# If $p(\lambda)$ is the characteristic polynomial of a matrix $\bf A$, how to prove or disprove that $p(\mathbf A)=0$?

Given $$λ^n + a_{n-1}λ^{n-1} + ... + a_0$$ is the characteristic polynomial of a matrix $$\mathbf{A}$$ I have to proof or disprove $$\mathbf{A}^n + a_{n-1}*\mathbf{A^{n-1}} + ... + a_0\mathbf{I} = 0$$

What is wrong with this proof?

$$λ_i^n + a_{n-1}λ_i^{n-1} + ... + a_0 = 0$$ with $$λ_i$$ an eigenvalue of $$\mathbf{A}$$ with corresponding eigenvector $$\mathbf{v_i}$$

From this equation follows the vector equation $$λ_i^n\mathbf{v_i} + a_{n-1}λ_i^{n-1}\mathbf{v_i} + ... + a_0\mathbf{v_i} = 0$$

From the definition of the eigenvalue follows $$\mathbf{A}^n\mathbf{v_i} + a_{n-1}*\mathbf{A^{n-1}}\mathbf{v_i} + ... + a_0\mathbf{v_i} = 0$$

Distribution $$(\mathbf{A}^n + a_{n-1}*\mathbf{A^{n-1}} + ... + a_0\mathbf{I})\mathbf{v_i} = 0$$

$$\mathbf{v_i}$$ can't be zero -> $$\mathbf{A}^n + a_{n-1}*\mathbf{A^{n-1}} + ... + a_0\mathbf{I} = 0$$

• That is the Cayley–Hamilton theorem.
– lhf
Aug 5, 2019 at 11:07
• Given that it's the statement of the Cayley-Hamilton Theorem (which is nontrivial to prove), if the problem was given as a HW problem, it's not really fair to the student. Aug 5, 2019 at 11:14

In your last step you seem to divide by a vector, which is not allowed.

The matrix $$M = \mathbf{A}^n + a_{n-1}*\mathbf{A^{n-1}} + ... + a_0\mathbf{I}$$ is zero if and only if $$Mv = 0$$ for all vectors $$v$$. You proved this only for eigenvectors of $$\mathbf{A}$$. If $$\mathbf{A}$$ had a basis of eigenvectors, your proof would be sufficient, but $$\mathbf{A}$$ might not have any eigenvectors at all.

• How do you get to "not any eigenvectors at all"? You might not be able to select a full basis of eigenvectors, but since $I,A,...,A^n$ are linearly dependent, there is a minimal polynomial $A^m+...+c_1A+c_0I=0$ , and for any root of the minimal polynomial $(A-\lambda I)$ has a non-trivial kernel. Aug 5, 2019 at 11:13
• Consider the rotation by e.g. $\pi/2$ in the plane, i.e. $A = \begin{pmatrix} \cos(\pi/2) & -\sin(\pi/2) \\ \sin(\pi/2) & \cos(\pi/2) \end{pmatrix} = \begin{pmatrix} 0 & -1 \\ 1 & 0 \end{pmatrix}$ as a map from $\mathbb R^2$ to itself. Then the characteristic polynomial is $\chi_A(x) = x^2 + 1$ and does not have a real root. It is also intuitively clear that a rotation by 90 degrees cannot have an eigenvector, because no vector is just "stretched" by some factor. Aug 5, 2019 at 11:21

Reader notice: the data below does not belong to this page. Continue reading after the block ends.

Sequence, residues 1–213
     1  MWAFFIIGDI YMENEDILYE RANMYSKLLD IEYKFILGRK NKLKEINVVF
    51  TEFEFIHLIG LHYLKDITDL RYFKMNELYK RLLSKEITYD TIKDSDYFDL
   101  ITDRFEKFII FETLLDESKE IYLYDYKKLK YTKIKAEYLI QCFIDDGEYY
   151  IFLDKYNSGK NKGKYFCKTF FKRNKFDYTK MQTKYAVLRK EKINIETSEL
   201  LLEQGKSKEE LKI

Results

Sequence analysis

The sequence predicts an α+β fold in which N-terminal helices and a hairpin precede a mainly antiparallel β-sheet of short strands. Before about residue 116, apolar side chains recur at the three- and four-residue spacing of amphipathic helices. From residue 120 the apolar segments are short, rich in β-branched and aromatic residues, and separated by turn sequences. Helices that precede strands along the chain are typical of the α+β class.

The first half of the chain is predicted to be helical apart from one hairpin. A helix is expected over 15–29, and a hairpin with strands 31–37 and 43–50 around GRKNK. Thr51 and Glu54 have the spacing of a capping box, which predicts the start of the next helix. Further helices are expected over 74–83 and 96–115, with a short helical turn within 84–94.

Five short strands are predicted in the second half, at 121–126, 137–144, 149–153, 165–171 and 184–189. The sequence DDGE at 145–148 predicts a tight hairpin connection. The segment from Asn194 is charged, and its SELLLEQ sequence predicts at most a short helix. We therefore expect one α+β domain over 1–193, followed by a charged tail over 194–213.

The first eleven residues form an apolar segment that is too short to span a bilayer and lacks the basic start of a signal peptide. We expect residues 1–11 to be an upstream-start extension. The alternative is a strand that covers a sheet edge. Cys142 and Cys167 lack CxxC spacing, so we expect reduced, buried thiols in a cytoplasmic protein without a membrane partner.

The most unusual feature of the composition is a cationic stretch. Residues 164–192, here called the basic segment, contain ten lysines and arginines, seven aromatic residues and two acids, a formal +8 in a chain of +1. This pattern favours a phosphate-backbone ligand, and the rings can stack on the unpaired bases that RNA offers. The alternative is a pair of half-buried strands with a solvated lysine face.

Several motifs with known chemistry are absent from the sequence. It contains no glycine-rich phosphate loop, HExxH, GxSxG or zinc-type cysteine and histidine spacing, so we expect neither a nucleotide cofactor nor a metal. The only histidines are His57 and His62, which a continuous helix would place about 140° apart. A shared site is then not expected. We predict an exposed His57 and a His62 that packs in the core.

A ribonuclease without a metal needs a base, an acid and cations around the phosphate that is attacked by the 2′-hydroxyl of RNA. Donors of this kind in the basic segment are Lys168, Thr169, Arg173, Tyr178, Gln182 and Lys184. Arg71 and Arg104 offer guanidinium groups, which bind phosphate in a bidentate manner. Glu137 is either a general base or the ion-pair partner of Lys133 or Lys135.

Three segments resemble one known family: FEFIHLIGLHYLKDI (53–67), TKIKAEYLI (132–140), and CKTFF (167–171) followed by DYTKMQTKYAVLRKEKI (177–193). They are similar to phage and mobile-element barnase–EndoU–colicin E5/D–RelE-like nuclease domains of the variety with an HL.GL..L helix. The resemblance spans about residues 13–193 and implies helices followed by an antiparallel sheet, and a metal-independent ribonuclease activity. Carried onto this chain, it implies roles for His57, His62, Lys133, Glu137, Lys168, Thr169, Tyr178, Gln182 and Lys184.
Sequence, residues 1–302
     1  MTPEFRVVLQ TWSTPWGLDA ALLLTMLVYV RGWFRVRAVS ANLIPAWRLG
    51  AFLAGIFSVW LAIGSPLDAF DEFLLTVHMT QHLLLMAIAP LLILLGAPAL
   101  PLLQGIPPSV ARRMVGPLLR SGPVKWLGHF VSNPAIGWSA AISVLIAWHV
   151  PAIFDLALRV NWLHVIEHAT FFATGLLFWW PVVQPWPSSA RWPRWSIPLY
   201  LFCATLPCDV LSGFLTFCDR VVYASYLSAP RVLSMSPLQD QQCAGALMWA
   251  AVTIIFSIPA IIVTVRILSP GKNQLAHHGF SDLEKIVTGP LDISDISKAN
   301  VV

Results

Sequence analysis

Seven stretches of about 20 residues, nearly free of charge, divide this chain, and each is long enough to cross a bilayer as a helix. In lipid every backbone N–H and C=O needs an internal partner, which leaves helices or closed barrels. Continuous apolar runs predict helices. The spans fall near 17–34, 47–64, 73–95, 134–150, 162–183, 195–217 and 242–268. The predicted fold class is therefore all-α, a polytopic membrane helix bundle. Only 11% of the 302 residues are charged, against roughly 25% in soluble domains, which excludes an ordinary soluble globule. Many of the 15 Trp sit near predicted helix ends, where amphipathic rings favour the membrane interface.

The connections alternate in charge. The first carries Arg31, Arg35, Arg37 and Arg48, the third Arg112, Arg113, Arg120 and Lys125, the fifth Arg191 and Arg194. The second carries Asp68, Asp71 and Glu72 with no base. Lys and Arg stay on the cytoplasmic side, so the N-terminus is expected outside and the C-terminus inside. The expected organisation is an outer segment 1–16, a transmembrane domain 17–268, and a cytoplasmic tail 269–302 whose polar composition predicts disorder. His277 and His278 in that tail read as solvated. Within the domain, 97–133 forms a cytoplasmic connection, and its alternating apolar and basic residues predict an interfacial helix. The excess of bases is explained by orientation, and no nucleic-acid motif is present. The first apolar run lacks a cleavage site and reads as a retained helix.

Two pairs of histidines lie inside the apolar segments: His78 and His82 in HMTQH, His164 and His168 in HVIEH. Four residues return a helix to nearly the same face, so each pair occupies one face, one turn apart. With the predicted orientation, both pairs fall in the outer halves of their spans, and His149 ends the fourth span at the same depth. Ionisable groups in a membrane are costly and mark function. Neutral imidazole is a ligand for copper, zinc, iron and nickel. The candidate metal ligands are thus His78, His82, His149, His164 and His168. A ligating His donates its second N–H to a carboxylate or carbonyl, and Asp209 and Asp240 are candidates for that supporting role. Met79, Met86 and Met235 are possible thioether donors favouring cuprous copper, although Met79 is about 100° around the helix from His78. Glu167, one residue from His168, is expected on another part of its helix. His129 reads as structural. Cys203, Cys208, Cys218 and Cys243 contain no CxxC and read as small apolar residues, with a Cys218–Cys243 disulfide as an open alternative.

• Ok, then this proof method would have to apply to the complexification of the vector space, so that complex eigenvalues and eigenvectors become admissible. Aug 5, 2019 at 11:23
• In the complex case your argument is correct and the characteristic polynomial always has a root and thereby an eigenpair. However, the field might be neither $\mathbb C$ nor $\mathbb R$, so a complexification is not possible in general. Aug 5, 2019 at 11:27
• @iljusch No, it's not correct in the complex case. Yes, in that case $A$ must have an eigenvector, but all that the argument proves is that $0$ is the only eigenvalue of $p(A)$, which does not (immediately) imply $p(A)=0$. (For example, $0$ is the only complex eigenvalue of $\begin{bmatrix}0&1\\0&0\end{bmatrix}$.) Aug 5, 2019 at 16:28

Unless the field $$K$$ of scalars is algebraically closed, there may not be an eigenvalue $$\lambda_i\in K$$.

But even if we assume $$K$$ is algebraically closed (e.g., $$K=\mathbb{C}$$), there's still an error in your last line.

Assuming $$\mathbf{v_i}$$ is an eigenvector, the equation $$(\mathbf{A}^n + a_{n-1}\mathbf{A^{n-1}} + ... + a_0\mathbf{I})\mathbf{v_i} = 0$$ doesn't imply that $$\mathbf{A}^n + a_{n-1}\mathbf{A^{n-1}} + ... + a_0\mathbf{I}=0$$ It only implies that it's singular (i.e., its null space is nonzero).